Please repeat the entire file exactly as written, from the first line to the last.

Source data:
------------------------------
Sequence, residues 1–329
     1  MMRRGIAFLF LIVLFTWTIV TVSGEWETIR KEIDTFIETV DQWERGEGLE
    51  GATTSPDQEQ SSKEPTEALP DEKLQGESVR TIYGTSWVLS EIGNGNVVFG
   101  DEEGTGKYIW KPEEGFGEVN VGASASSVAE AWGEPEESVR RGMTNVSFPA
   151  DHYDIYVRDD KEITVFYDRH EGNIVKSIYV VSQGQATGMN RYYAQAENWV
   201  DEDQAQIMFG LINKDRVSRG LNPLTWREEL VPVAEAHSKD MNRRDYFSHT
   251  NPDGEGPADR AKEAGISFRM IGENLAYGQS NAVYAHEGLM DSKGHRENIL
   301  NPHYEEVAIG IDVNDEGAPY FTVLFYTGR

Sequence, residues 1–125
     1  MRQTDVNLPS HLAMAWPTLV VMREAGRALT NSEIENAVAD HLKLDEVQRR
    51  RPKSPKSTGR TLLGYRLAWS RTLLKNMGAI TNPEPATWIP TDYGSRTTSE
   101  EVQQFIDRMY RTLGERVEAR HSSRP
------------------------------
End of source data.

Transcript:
Sequence, residues 1–329
     1  MMRRGIAFLF LIVLFTWTIV TVSGEWETIR KEIDTFIETV DQWERGEGLE
    51  GATTSPDQEQ SSKEPTEALP DEKLQGESVR TIYGTSWVLS EIGNGNVVFG
   101  DEEGTGKYIW KPEEGFGEVN VGASASSVAE AWGEPEESVR RGMTNVSFPA
   151  DHYDIYVRDD KEITVFYDRH EGNIVKSIYV VSQGQATGMN RYYAQAENWV
   201  DEDQAQIMFG LINKDRVSRG LNPLTWREEL VPVAEAHSKD MNRRDYFSHT
   251  NPDGEGPADR AKEAGISFRM IGENLAYGQS NAVYAHEGLM DSKGHRENIL
   301  NPHYEEVAIG IDVNDEGAPY FTVLFYTGR

Sequence, residues 1–125
     1  MRQTDVNLPS HLAMAWPTLV VMREAGRALT NSEIENAVAD HLKLDEVQRR
    51  RPKSPKSTGR TLLGYRLAWS RTLLKNMGAI TNPEPATWIP TDYGSRTTSE
   101  EVQQFIDRMY RTLGERVEAR HSSRP